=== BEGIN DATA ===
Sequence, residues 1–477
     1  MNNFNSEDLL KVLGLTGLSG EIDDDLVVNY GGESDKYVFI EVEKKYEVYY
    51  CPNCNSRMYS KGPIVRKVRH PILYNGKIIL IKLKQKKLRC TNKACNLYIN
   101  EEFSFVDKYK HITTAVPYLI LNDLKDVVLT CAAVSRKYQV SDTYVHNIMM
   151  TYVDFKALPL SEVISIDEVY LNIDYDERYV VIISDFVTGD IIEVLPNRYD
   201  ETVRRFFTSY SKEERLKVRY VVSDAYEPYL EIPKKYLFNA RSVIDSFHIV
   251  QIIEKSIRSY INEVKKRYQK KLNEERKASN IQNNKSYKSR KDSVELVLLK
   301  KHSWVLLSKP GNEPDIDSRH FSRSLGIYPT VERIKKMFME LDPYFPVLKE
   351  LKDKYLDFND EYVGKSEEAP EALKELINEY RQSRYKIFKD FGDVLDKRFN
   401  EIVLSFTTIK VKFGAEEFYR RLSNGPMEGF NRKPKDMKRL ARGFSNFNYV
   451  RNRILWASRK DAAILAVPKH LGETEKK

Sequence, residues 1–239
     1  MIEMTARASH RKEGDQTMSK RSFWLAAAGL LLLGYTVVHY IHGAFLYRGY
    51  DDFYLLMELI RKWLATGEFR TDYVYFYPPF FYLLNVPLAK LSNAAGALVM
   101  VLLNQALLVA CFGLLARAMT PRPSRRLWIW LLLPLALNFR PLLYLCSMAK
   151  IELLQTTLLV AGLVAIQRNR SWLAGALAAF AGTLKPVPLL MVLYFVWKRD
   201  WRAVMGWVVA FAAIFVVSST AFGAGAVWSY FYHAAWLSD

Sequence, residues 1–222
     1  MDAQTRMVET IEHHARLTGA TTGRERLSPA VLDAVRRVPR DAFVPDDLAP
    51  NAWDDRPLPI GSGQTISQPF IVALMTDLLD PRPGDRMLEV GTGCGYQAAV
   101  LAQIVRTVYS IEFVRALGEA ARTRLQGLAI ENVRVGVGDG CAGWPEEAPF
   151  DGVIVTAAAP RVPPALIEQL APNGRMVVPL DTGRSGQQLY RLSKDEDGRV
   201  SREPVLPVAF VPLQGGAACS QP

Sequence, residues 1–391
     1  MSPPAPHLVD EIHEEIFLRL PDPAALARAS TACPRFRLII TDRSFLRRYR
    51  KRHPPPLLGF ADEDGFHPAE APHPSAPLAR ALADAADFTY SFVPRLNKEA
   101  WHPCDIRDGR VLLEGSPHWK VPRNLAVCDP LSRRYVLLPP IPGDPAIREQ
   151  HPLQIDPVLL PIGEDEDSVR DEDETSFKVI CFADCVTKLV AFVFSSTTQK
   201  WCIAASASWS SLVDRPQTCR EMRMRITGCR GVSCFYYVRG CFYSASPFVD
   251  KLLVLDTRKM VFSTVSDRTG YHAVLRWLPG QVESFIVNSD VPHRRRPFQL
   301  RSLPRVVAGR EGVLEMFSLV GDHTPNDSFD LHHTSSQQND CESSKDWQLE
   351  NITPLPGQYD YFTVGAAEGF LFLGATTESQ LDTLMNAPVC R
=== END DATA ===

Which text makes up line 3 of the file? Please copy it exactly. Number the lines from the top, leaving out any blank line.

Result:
    51  CPNCNSRMYS KGPIVRKVRH PILYNGKIIL IKLKQKKLRC TNKACNLYIN